Monday, November 26, 2007

The Technical Pen

I recently picked up a copy of The Technical Pen by Gary Simmons. I hesitated to get it because I already have Rendering in Pen and Ink by Arthur Guptill. But, as Simmons book is focused on radiograph/technical pens, as opposed to pens with nibs, I thought it might be worth it.

I haven't been disappointed. It's been a great read. In the beginning he goes through a couple of the big name pens. It should be noted that he is regularly employed by one of the makers. He refers to the "disposable" kind of pen, e.g. Micron, as a pen marker. Lately, I've been running through pens quickly, so if anyone else wants to weigh in on radiograph/technical pens and their preference, I'd love to hear it.

He has the standard section on different types of strokes, useful but not evolutionary. He has an interesting section where he does one drawing in 24 different ways. He spends the chapter talking about how the different strokes are successful, or unsuccessful and why. Throughout the book he comments on the tension in pen and ink work where the stroke choice can affect value and texture. Sometimes, you want texture, sometimes you don't. I found this ongoing theme very thought-provoking and stimulating.

His final three chapters are on sketching loosely, producing a "tight" (or careful, deliberate) work, and color and the pen. The first two of these sections are thorough - they have exercises and ideas on how to progress through a work. He has several good thoughts about sketching on the spot with the limitations of a pen. He also has a nice process laid out for producing very exact, detailed pen and ink work. The final section looks fascinating to me (I've only glanced through it). I haven't really considered using colored inks before, but with the illustrations included here, I may have to try that. He achieves some things that I didn't really think were possible.

In short, I'm thoroughly pleased with this book. It doesn't seem to be in print anymore, but should you run across a copy in a used bookstore and you're interested in pen and ink, I'd definitely recommend getting it.

If I had to rate it, I'd give it 4 pencils. (I'd like to say 5, but I think the audience for it is rather small.) It's not really for a beginner, I think you do need to be interested in pen and ink and have some experience. At times, I think it is written almost like an instruction manual. That appeals to me, but I don't think it appeals to most people. It's not a comprehensive treatise on creativity, or drawing. It's a thorough explanation of all the different ways to make marks with a technical pen and the effects that are achieved.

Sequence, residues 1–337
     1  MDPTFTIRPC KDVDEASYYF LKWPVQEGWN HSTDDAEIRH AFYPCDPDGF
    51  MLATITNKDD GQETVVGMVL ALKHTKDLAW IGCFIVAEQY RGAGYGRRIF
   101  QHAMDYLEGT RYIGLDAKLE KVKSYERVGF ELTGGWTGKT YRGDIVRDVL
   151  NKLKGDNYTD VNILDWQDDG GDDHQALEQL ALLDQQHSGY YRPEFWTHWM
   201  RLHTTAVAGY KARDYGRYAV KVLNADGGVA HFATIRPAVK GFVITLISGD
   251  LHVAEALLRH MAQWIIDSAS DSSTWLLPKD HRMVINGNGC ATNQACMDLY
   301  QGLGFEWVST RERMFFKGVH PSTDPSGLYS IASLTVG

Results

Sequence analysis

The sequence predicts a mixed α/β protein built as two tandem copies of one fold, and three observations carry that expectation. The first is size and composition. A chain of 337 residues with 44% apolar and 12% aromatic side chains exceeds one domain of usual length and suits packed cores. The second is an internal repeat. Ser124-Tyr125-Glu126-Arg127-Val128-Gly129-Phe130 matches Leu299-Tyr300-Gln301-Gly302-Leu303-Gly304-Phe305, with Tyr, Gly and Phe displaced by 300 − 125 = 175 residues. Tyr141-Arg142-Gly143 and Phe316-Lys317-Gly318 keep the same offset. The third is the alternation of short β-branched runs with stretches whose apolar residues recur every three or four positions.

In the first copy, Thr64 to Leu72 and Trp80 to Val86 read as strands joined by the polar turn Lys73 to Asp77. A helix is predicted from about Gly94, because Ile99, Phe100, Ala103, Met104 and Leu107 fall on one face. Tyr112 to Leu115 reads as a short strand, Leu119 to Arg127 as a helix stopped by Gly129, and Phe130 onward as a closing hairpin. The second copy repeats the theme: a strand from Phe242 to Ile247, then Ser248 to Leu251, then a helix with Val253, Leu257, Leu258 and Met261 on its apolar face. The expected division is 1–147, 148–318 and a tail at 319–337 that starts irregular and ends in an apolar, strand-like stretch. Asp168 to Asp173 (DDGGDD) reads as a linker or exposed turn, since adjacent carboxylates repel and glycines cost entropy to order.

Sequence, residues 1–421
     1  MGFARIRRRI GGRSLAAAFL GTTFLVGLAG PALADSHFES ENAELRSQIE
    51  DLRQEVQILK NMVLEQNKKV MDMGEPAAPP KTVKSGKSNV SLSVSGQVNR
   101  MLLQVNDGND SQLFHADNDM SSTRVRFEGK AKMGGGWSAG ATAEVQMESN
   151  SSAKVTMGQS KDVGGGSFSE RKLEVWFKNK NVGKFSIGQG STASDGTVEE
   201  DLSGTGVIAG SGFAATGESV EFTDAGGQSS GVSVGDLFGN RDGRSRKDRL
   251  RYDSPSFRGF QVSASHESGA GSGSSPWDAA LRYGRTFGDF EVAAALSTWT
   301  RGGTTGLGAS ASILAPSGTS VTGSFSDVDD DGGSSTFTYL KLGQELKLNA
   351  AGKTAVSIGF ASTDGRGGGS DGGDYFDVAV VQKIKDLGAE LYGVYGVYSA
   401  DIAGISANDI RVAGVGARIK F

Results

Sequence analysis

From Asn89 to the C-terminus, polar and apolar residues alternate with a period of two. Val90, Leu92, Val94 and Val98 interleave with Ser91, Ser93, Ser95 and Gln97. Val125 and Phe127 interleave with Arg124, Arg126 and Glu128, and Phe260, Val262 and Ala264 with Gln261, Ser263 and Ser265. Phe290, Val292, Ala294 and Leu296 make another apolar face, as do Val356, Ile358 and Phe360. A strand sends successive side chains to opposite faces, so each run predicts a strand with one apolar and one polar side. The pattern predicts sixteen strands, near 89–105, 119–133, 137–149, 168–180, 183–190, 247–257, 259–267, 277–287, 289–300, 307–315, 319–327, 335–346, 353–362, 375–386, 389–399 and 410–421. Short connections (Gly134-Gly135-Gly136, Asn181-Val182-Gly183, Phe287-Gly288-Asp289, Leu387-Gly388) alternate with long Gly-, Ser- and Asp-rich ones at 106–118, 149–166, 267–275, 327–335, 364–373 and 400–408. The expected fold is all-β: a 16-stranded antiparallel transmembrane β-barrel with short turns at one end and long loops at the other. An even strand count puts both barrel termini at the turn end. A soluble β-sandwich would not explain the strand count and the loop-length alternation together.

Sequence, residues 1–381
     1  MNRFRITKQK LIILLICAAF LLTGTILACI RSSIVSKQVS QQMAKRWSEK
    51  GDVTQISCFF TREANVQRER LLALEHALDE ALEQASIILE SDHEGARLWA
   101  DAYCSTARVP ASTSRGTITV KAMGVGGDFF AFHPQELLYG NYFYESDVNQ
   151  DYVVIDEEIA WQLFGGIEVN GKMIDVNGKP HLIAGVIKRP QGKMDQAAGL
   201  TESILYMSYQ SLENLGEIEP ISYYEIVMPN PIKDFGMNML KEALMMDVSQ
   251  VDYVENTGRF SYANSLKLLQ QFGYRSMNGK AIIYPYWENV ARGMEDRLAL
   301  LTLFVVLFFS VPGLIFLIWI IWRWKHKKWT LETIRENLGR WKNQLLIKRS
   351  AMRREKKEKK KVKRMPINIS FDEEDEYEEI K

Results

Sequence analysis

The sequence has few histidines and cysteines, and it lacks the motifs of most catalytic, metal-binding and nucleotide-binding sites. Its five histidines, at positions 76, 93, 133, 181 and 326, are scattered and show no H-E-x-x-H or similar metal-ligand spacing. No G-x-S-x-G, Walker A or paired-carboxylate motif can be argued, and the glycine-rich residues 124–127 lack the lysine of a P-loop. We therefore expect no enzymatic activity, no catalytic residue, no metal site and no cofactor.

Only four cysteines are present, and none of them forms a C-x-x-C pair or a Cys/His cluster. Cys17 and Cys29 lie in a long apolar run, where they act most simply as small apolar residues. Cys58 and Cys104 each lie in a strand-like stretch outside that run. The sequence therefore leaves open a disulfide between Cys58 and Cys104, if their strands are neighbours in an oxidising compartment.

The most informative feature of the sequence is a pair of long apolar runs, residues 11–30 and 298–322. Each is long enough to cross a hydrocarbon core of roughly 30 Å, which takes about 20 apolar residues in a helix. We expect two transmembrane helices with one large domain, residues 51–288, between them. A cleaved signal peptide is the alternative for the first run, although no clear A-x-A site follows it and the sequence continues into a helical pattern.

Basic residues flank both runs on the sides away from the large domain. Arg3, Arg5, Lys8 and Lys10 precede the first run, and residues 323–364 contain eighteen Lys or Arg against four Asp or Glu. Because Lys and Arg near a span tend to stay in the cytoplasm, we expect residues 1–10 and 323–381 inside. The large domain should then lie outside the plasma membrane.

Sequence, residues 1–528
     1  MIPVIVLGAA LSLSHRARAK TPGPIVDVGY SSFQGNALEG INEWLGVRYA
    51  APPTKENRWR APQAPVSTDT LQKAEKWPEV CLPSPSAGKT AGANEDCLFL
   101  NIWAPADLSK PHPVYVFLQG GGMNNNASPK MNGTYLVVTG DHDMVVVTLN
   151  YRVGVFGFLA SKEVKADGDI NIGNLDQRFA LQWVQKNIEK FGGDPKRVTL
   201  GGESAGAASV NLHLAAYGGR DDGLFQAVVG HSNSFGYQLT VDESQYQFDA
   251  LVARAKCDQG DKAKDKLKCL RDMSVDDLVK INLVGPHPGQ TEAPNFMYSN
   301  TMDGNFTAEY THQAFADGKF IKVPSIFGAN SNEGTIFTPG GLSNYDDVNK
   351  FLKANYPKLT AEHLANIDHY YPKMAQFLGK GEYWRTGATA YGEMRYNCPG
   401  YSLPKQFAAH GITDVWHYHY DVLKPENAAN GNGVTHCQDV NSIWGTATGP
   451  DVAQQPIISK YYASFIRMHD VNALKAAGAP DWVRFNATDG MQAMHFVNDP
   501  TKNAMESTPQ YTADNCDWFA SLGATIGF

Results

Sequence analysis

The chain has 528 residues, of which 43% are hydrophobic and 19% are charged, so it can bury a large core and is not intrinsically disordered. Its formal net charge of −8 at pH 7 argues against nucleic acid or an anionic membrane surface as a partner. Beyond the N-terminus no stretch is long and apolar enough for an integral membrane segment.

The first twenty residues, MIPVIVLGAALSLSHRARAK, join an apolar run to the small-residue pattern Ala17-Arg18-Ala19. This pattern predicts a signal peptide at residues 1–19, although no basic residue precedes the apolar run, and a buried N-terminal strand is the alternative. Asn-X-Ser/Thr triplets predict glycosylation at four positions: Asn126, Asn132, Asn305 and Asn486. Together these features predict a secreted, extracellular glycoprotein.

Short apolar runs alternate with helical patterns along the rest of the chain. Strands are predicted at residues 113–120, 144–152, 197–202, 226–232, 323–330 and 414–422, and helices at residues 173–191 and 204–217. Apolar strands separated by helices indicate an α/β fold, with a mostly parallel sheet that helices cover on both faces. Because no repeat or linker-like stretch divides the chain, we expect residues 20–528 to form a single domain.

Above is a 30 min sketch exercise from a reference by kuntal on morguefile.com. Done with no outlining, approx. 6 in x 10 in.

5 comments:

Valerie Jones said...

Thanks for sharing! I might have to purchase "The Technical Pen". It looks like an excellent book! I used to use that pen and then I gave up on it because it clogged so much when not in use. Even after cleaning it, I couldn't get it to work. I know it is operator error and not the pen. I have a pen and ink piece I have to do for my aunt that is on a round sawblade. I have been trying to decide whether to use the Rapidograph or the Micron on it. The Micron might be better as to not scratch the acrylic underpainting. hmmmm...choices, choices.

Jeanette said...

THis sounds like an interesting book to have in my library Rose. Thanks for doing the review. Something for my Christmas wish list. :)

I use pen off and on and have a variety from Micron to Nexus to Rapidograph.

I like the Rapidograph the best, likely because I can purchase the finer nibs with it and I enjoy using those to get tiny detail work done. People do have problems with Rapidographs clogging with underuse sometimes, but I've been lucky even when I don't use them for awhile. Touch wood....

Rose Welty said...

That's the only problem with reviews...they add books to your wish list. Yikes, mine has really grown in the last few months, I shall have to be selective at Christmas. :)

Thanks for your thoughts on the pens. I am very tempted with the Radiograph for black and possibly some Nexus ones for color.

Belinda Lindhardt said...

Wow this is interesting Rose.
I love pens and have recently purchased some new felt tiped pens ..with a very fine tip.. just love them :)

As usual a fabulous review i will have to keep my eye out for this book :)

Bigs said...

Hi Rose and all,

I like pens and am planning to get rapidographs. I like Claudia Nice's work and in her book 'Drawing in Pen & Ink' she discusses the cleaning of them (they are her favourite pen too). She shows how to disassemble the pen to clean it and recommends that you clean it every month whether it needs it or not. Also she says that most clogging problems occur when the air channel is flooded - this creates a vacuum (air lock) which prevents the ink from flowing. You should clean it as soon as this happens. And shaking the pen is apparantly a major cause of this happening.

She recommends cleaning your pen once a month for maintenance and before storage of more than a month also whenever it clogs.

Looks like I will be cleaning pens for a long time - I'll have dishpan hands between my normal washing up, cleaning my brushes, and now my pens when I get them :)